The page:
Text: Vatsala Manan
The horror cinema that existed before the 1920s, dominated by Hollywood studio system, was “horror” just in terms of narrative. In effect it, however, left a huge vacuum in creating a sense of terror and dread. The roots of the very essential fright inducing effects, whether they are stark shadows creeping on the walls or distorted physical features, can be traced to the German Expressionist Movement of the 1920s, which have become a staple of the horror film genre till this day.
German filmmakers, like F. W. Murnau, Fritz Lang, and Robert Wiene, all part of the movement, experimented tremendously with the mise-en-scene, creating visually distorted images. Working with a consistent theme, manifested in the body language of the actors, their costumes, and the geometric sets, all blended harmoniously with each other to create an affect of disharmony, alluding to the inner conflicted psyche of the protagonists on screen.
Nosferatu, F.W. Murnau, 1922
The Cabinet of Doctor Caligari and Nosferatu are two of the most influential films in shaping the genre of horror films, changing the very aesthetics of horror. Their grotesque monster coupled with their ever-present sense of shadows of doom and clouds of dreariness, reinvented the Hollywood horror. In the following movies one can see the pivotal role played by German Expressionist films in the history of horror cinema.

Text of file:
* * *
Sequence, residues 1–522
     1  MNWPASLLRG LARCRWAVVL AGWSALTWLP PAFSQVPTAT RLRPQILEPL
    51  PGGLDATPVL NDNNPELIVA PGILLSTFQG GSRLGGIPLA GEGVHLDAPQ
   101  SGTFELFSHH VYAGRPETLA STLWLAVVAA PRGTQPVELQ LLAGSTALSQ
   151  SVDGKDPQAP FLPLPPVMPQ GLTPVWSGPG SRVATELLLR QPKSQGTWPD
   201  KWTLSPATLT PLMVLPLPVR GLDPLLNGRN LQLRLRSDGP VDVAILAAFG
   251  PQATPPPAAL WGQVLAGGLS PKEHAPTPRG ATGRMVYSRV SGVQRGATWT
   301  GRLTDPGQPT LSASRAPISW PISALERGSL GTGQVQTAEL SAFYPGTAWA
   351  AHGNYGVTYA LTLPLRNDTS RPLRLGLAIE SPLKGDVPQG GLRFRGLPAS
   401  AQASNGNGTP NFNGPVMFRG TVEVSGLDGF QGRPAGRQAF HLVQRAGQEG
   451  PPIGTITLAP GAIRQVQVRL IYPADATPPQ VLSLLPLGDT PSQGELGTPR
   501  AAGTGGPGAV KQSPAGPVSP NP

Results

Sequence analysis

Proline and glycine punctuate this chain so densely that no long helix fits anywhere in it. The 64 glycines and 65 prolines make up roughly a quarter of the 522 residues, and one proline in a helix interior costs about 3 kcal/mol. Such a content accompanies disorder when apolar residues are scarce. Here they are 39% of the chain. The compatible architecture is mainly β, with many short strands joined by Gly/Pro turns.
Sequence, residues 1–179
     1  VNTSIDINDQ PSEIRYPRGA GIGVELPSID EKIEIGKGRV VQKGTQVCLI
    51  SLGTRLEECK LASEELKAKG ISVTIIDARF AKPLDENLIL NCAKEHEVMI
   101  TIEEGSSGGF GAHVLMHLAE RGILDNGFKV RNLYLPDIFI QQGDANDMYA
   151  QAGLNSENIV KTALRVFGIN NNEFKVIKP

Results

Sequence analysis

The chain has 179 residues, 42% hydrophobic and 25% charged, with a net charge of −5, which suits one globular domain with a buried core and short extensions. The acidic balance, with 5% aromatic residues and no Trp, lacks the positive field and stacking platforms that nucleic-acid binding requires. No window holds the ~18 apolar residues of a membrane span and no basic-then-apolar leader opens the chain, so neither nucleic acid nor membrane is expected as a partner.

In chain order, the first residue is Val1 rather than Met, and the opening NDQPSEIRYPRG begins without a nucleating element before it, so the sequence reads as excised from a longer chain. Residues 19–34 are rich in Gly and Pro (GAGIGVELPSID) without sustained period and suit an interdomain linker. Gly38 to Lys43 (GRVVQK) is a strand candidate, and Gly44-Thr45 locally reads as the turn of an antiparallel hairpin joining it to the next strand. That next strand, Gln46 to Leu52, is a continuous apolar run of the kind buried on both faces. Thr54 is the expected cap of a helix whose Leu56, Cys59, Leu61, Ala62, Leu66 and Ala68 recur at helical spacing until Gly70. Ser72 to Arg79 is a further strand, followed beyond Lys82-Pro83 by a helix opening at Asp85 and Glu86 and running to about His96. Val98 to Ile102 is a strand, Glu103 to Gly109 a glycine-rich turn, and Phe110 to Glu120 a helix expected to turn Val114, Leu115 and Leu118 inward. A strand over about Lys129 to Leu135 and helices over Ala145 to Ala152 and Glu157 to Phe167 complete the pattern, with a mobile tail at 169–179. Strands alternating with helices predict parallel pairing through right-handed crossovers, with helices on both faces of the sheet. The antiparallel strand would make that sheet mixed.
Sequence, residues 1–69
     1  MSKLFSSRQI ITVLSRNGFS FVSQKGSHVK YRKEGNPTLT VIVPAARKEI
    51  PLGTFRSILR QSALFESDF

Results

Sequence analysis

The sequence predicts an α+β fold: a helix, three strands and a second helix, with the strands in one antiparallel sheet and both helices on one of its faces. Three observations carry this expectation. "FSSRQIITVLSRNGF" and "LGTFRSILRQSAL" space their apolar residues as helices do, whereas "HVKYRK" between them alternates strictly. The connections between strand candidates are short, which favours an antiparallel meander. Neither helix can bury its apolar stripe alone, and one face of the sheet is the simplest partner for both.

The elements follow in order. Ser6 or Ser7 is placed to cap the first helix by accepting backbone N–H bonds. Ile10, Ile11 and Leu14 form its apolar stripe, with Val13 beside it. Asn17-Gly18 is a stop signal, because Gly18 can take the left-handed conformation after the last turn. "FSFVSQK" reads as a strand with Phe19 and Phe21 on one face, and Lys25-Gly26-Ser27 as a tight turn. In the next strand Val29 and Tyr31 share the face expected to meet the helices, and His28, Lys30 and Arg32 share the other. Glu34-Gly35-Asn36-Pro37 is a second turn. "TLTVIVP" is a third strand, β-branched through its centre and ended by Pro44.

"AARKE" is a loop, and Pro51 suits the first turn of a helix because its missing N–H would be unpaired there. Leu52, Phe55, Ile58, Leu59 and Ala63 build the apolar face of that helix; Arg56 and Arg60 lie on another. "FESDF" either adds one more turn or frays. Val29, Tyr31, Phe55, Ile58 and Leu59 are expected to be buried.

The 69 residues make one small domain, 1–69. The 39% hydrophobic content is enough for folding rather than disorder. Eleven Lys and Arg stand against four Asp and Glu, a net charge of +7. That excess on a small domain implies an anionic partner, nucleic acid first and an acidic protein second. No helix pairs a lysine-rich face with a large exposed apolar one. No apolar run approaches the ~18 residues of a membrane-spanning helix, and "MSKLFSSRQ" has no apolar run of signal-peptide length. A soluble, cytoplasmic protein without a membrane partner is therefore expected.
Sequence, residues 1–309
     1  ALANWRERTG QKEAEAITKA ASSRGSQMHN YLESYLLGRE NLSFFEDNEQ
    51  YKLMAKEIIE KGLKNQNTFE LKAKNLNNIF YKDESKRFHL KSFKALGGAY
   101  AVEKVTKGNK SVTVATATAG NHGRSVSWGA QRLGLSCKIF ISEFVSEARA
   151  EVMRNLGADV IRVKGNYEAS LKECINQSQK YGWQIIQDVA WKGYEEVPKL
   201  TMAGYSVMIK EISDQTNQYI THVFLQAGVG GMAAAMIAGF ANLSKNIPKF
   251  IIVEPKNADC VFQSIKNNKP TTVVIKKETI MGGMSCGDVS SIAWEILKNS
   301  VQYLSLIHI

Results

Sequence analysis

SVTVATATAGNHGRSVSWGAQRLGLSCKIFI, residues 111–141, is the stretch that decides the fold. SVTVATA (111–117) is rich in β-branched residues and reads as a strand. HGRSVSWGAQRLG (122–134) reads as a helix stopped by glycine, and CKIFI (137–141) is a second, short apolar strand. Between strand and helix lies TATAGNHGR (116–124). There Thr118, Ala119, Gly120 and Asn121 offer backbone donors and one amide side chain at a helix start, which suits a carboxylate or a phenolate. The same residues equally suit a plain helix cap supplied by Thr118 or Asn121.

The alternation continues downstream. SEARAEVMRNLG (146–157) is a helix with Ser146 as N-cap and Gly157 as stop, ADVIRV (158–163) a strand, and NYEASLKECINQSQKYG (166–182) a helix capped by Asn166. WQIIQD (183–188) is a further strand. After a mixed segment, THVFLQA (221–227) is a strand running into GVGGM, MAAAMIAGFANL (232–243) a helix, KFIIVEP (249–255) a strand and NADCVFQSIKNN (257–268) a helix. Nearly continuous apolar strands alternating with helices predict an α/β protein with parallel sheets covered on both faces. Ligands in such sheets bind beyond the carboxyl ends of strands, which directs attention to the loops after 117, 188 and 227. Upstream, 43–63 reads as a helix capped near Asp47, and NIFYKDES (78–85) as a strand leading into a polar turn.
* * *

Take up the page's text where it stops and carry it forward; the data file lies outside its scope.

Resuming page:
A silent film on the popular French novel by Gaston Leroux, is about a longing Phantom, who is so ghastly in appearance, almost resembling a skeleton, that he has resorted to live in the darkness of the dungeons, only to return to the world above to shock the glittery people with the jolting shadows that he casts against the walls.
Psycho, Alfred Hitchcock, 1960
Considered as one of Hitchcock’s best, and ranked among the greatest films of all time, it can be seen as the first slasher film. The famous blood-curdling shower scene, the horrific element being invoked by the nightmarish blurred shadow of the murderer thrown on the unsuspecting shower curtain, clearly shows the influence of German Expressionism had on the filmmaker.
Eraserhead, David Lynch, 1977
Only Lynch can manage to pull a film, which is aesthetically mesmerizing and disturbingly grotesque at the same time. The film is a commentary on alienation and loneliness, and Lynch creates this mood effectively through the black and white dreary mise-en-scene, and bizarre characters, driven to the point of lunacy because of their monotonous dry geometric architecture.
Dracula, Francis Ford Coppola, 1992
Unlike Murnau’s Count Orlock from Nosferatu, Coppola’s Count Dracula is a beautiful romantic aristocrat. However, Coppola couldn’t resist resorting to certain conventions established by his predecessor, Murnau. Just like Orlock, Cappola’s Dracula in his true form is stark white in appearance, has sharp pointy long nails, almost bald if not fully, and glides around his crumbling ancient castle with his bloodthirsty silhouette looming ominously.
Sleepy Hollow, Tim Burton, 1999
Burton’s whole body of work shows strong influence of the aesthetics of German Expressionism. From the peculiar costumes and make-up of a set of strange characters, their farcical performance, and the nightmarish-dreamlike setting, to the dominating spooky shadows lurking at corners, Burton manages to not only incorporate but also recreate the aesthetics of horror, making them peculiarly his own.